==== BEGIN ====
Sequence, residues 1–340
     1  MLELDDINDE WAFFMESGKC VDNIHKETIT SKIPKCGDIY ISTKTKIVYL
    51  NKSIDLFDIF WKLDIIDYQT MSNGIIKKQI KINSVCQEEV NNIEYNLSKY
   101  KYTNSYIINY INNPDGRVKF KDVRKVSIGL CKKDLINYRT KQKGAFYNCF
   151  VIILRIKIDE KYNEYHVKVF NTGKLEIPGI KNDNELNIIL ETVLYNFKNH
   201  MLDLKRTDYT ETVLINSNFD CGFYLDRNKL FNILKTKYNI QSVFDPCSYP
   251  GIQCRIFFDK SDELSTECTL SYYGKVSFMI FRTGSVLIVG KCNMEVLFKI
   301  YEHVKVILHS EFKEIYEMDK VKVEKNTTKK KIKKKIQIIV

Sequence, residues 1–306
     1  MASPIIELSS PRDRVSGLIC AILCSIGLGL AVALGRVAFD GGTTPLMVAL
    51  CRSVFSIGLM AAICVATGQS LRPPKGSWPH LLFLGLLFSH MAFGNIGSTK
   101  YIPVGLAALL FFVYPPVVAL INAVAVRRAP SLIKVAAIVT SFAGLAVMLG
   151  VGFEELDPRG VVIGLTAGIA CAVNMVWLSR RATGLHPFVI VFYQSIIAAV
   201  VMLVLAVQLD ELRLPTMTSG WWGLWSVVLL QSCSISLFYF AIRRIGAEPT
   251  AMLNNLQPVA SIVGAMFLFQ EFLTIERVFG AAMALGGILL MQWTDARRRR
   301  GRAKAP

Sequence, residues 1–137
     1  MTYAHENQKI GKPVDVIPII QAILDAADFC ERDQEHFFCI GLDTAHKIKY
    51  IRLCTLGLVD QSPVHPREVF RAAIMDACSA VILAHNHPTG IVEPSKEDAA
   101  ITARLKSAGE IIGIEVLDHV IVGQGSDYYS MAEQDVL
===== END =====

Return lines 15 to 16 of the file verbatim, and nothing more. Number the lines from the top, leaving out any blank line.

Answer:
   251  AMLNNLQPVA SIVGAMFLFQ EFLTIERVFG AAMALGGILL MQWTDARRRR
   301  GRAKAP